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Bass bite blossoms

The smallmouth bass bite has really taken off in the past week. There have been a number of lakes around the north state that have seen water temperatures rise out of the high-40 degree range into the low 50s.

Some of the lakes with good smallmouth bass fishing include Scott’s Flat, Pardee Reservoir south of Jackson on the Mokelumne River, and Trinity Lake.

Locally Scott’s Flat Lake has had temps as high as 54 degrees last week and the lake level continues to rise. Both of these factors contribute to the bass moving up into the shallows searching for food. Mike Pumphrey reported good success fishing around points with minnow imitating “rip baits”. He also caught fish on soft plastics.



Pardee Reservoir has given up smallmouth bass as large as 8 pounds recently. But I did not get particulars on how they were taken. I also got good reports from Trinity Lake. My sources report that the bass bite is best around incoming water. The fish have been hitting crawdad imitations in 8 to 15 feet of water. Trinity water temps vary between 51 and 55 depending on time of day and location around the lake.

I fished Sunday on Collins Lake and expected good fishing, but results were poor. The trout plants are in full swing but this past weekend was slow for most anglers. What surprised me was the water temps that I found. Collins Lake currently has visibility of 3 to4 feet with a green color. The particles suspended in the water contribute significantly to sun warming of the upper water layer. I




used a thermometer that registered the temp and depth to record some unexpected data. There was also a stiff north wind in the afternoon. Wind moves the warmer surface down wind and stacks it up against the face of the dam, downwind. By mid-afternoon at the dam, the surface was 73 and at 20 feet down the water was 60 degrees. A half a mile upwind, in mid-lake, the surface was 61 degrees and at 20 feet the temp was 54. These mid lake temps had risen 2 degrees from my first sampling at 8:30 a.m.

I was surprised by the volume of warm water that had accumulated at the downwind end of the lake. You have to get down to 30- plus feet to get away from the wind effect by the dam. For those bass anglers interested in fishing the backs of wind sheltered coves, the surface was 68 degrees.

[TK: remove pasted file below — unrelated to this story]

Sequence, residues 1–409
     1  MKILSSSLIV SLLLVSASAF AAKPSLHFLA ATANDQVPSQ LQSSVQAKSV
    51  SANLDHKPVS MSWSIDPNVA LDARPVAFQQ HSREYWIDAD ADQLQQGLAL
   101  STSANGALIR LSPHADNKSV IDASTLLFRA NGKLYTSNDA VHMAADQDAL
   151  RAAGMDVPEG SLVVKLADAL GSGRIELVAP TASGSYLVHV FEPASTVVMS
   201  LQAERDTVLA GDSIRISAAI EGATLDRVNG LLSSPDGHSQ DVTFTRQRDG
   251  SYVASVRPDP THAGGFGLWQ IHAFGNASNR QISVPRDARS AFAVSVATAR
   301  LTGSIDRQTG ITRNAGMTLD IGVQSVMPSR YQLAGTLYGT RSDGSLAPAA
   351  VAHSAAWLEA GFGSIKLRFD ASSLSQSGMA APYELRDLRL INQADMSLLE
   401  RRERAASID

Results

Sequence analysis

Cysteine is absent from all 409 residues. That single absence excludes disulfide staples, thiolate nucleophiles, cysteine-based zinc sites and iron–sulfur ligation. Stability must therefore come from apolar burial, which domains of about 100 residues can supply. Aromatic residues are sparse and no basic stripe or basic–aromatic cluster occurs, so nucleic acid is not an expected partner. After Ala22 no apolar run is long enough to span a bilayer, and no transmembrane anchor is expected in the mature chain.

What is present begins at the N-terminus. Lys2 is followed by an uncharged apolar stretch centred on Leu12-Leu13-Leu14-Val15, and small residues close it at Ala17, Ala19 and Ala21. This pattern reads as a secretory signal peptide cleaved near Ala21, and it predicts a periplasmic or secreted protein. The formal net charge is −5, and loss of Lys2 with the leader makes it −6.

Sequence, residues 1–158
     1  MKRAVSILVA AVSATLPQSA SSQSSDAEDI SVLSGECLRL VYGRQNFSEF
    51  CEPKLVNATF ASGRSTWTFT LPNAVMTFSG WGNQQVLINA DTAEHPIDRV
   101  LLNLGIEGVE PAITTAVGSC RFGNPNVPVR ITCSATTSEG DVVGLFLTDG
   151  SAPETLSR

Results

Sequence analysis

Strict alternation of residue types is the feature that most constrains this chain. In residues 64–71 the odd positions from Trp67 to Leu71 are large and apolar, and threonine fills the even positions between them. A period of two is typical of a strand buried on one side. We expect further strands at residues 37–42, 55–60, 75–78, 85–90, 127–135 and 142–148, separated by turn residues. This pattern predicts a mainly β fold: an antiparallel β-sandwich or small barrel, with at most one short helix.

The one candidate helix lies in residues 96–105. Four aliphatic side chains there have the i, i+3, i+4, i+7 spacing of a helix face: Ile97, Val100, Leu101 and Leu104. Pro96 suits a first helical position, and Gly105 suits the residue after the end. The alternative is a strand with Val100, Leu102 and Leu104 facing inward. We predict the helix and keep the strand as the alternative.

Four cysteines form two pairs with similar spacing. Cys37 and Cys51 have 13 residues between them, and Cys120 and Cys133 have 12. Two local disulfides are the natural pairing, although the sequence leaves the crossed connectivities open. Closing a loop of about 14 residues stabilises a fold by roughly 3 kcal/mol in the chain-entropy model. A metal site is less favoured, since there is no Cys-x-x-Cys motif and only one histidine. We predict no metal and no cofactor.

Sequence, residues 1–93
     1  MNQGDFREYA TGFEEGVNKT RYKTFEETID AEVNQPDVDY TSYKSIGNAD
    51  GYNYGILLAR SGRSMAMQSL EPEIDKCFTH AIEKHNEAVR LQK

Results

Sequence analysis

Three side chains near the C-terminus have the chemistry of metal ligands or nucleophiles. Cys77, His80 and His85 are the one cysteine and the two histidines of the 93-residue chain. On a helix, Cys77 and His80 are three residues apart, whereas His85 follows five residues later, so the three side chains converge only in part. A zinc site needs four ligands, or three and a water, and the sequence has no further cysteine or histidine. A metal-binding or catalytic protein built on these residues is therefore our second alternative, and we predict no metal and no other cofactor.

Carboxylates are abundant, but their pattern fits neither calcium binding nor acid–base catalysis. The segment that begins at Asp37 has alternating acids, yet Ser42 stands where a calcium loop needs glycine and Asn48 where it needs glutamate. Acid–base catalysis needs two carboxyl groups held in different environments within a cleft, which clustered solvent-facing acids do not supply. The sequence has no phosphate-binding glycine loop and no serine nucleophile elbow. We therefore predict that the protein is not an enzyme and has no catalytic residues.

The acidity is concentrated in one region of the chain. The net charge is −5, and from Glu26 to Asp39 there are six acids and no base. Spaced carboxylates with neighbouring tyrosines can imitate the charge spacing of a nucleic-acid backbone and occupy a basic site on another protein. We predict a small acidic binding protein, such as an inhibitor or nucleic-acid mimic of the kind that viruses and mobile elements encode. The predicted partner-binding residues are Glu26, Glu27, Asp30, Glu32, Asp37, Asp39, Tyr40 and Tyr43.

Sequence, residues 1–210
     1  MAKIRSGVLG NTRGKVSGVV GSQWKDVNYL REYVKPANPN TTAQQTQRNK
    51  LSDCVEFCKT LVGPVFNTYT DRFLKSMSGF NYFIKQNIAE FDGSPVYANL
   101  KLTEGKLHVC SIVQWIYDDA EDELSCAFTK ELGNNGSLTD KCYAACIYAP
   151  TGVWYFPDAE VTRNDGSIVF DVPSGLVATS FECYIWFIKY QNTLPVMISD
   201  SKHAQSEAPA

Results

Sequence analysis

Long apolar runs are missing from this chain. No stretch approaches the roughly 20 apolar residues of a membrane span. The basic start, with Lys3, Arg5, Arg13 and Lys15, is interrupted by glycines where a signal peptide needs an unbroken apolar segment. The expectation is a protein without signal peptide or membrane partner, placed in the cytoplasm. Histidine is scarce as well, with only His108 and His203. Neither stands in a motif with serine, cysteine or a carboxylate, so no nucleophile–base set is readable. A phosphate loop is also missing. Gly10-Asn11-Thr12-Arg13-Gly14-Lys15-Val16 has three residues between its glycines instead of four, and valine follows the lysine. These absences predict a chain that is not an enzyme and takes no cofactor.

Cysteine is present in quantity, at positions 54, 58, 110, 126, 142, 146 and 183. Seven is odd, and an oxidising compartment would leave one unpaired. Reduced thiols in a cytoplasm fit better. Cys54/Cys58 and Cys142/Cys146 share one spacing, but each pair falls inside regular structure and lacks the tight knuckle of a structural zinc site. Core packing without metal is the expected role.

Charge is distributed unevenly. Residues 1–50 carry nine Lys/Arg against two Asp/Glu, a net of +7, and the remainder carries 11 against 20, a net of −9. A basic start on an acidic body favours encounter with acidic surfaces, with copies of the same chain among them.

My point is that I was able to find more than a 20-degree variance in the top 20 feet of water based on time of day and direction of the wind.

This past week I went to Clear Lake and the bass fishing there is good.

That is to be expected this time of the year. What was good to hear was that the crappie fishing is rebounding from a cyclical low four years ago.

The 2004 season had good fishing but the first three months of this year have been exceptional. The crappie population follow the bait fish cycles. Mild winters result in good shad survival which allows the crappie numbers to stay up. This winter is the third mild one in a row and there is a bumper crop of these pan fish. The largest of these was a 3.8 pounder caught late February at the Clear Lake State Park.

Tonight, March 15, the Gold Country Fly Fishers are having their monthly meeting at the library in the county government complex off Highway 49 on Maidu Lane.

The meeting will start at 7 p.m., with guest speaker Ralph Cutter, who will be presenting a slide show. Ralph is well known for his underwater photography. All interested people are invited to attend.

ooo

Denis Peirce writes a weekly fishing column for The Union and is host of “The KNCO Fishing & Outdoor Report,” which airs 6-7 p.m. Fridays and 5-6 a.m. Saturdays on 830-AM radio. He may be via e-mail at denisp@theunion.com.


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